Newcomer banks top savings tables
There is a stark difference in what you earn on fixed-rate deals with traditional banks, compared with newcomer banks.
You can earn 2% before tax (1.6% after tax) online with Charter Savings Bank, nearly double the 0.84% (1.05%) available from Halifax.
On the high street the top deals come from Leeds Building Society at 1.6% (1.28%) or Post Office at 1.65% (1.32%).
Savers aged 65 or over can earn 2.8% (2.24%) on a maximum £10,000 from National Savings & Investments, on sale until 15 May. If you are willing to tie your money up for three years, the rate is 4% (3.2%) on a similar deal.
Over two years, Charter pays 2.2% (1.76%) and Shawbrook Bank pays 2.1% (1.68%). The best deal on the high street is 1.95% (1.56%) from Post Office.
On easy-access accounts, the top rate at 1.41% before tax (1.13% after tax) comes from Virgin Money Defined Access account, but you are limited to making three withdrawals a year.
You can earn 1.25% (1%) with no withdrawals restrictions from Kent Reliance, Skipton Building Society, Charter Savings Bank and State Bank of India. Virgin Money pays a slightly lower 1.21% (0.97%) with no withdrawal restrictions.
On tax-free cash Isas, West Bromwich BS Websaver Limited Access Isa pays 1.55% - but you are limited to making three withdrawals a year.
Other top deals include National Savings & Investment Direct Isa at 1.5%, available over the phone or internet. But you cannot transfer your existing cash Isas into this account.
With Virgin Money you earn 1.41% but you are restricted to three withdrawals a year on its Defined Access account. It's available in branch and over the internet.
On fixed-rate cash Isas, Shawbrook Bank and Aldermore Bank pay a top 1.65%, followed by Virgin Money at 1.6% for one year. For two years Shawbrook, Aldermore Bank and Kent Reliance pay 1.85%.
This article was written for our sister website Money Observer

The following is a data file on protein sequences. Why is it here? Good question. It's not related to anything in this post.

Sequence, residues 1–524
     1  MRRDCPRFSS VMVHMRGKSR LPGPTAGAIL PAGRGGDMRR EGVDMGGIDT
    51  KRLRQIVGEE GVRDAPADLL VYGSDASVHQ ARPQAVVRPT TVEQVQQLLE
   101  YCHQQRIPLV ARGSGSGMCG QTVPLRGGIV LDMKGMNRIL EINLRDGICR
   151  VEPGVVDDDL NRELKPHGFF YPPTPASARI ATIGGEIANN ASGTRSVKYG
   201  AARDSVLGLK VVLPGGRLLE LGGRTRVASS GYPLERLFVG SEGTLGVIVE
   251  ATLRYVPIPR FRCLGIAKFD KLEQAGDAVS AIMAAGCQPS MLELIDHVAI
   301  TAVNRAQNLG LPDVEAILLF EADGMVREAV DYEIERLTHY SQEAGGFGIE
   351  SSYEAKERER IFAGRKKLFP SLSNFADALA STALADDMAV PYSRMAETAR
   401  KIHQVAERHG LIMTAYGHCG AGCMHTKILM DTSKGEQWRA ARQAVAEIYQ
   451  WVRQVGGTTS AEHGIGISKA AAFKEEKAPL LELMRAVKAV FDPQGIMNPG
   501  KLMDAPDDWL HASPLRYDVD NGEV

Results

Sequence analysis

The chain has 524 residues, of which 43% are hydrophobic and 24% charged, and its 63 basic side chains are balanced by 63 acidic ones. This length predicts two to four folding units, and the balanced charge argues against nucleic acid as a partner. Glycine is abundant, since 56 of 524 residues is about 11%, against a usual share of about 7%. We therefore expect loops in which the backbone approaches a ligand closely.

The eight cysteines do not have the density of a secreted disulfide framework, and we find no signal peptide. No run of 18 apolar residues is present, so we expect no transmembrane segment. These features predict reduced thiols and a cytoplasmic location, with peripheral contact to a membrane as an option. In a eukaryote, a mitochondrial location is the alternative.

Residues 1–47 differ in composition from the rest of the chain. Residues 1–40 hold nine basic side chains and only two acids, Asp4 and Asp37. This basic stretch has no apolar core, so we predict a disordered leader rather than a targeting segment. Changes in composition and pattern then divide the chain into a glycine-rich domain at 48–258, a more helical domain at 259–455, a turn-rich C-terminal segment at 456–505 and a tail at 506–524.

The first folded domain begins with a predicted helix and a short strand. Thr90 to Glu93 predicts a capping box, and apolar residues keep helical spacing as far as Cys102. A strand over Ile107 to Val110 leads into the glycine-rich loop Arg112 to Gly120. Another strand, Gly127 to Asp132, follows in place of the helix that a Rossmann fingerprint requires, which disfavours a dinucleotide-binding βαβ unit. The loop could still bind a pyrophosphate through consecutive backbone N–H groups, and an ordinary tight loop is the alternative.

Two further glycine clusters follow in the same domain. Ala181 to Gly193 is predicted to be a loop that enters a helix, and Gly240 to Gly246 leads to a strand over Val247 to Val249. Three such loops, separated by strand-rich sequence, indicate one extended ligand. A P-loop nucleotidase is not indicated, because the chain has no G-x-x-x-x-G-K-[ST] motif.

Invidivual Savings Accounts were introduced on 6 April 1999 to replace personal equity plans (PEPs) and tax-exempt special savings accounts (TESSAs) with one plan that covered both stockmarket and savings products, the returns from which are tax-exempt. The ISA is not in itself an investment product. Rather, it’s a tax-free “wrapper” in which you place investments and savings up to a specified annual allowance where the returns (capital growth, dividends, interest) are tax-exempt (you don’t have to declare ISAs and their contents on your tax return). However, any dividends are taxed within the investment, and that can’t be reclaimed.
This is a mutual organisation owned by its members and not by shareholders. These societies offer a range of financial services but have historically concentrated on taking deposits from savers and lending the money to borrowers as mortgages, hence the name. In the mid-1990s many societies “demutualised” and became banks. One academic study (Heffernan, 2003) found demutualised societies’ pricing on deposits and mortgages was more favourable to shareholders than to customers, with the remaining mutual building societies offering consistently better rates. In 1900, there were 2,286 building societies in the UK; in 2011, there are just 51.